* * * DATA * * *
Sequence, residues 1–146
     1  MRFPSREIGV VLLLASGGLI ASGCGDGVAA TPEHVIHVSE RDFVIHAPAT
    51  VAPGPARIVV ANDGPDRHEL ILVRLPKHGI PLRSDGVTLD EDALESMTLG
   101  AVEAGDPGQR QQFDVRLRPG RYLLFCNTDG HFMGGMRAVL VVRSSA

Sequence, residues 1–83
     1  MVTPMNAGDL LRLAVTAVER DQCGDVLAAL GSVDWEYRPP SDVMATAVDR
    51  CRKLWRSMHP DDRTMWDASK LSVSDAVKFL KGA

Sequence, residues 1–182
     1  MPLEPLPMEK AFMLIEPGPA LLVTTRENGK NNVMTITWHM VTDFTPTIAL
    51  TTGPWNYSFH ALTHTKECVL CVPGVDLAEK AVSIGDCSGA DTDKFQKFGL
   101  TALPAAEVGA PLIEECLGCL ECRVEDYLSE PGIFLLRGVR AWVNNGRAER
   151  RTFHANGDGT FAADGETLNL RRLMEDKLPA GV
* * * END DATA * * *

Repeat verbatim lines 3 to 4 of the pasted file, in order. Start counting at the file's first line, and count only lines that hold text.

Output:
    51  VAPGPARIVV ANDGPDRHEL ILVRLPKHGI PLRSDGVTLD EDALESMTLG
   101  AVEAGDPGQR QQFDVRLRPG RYLLFCNTDG HFMGGMRAVL VVRSSA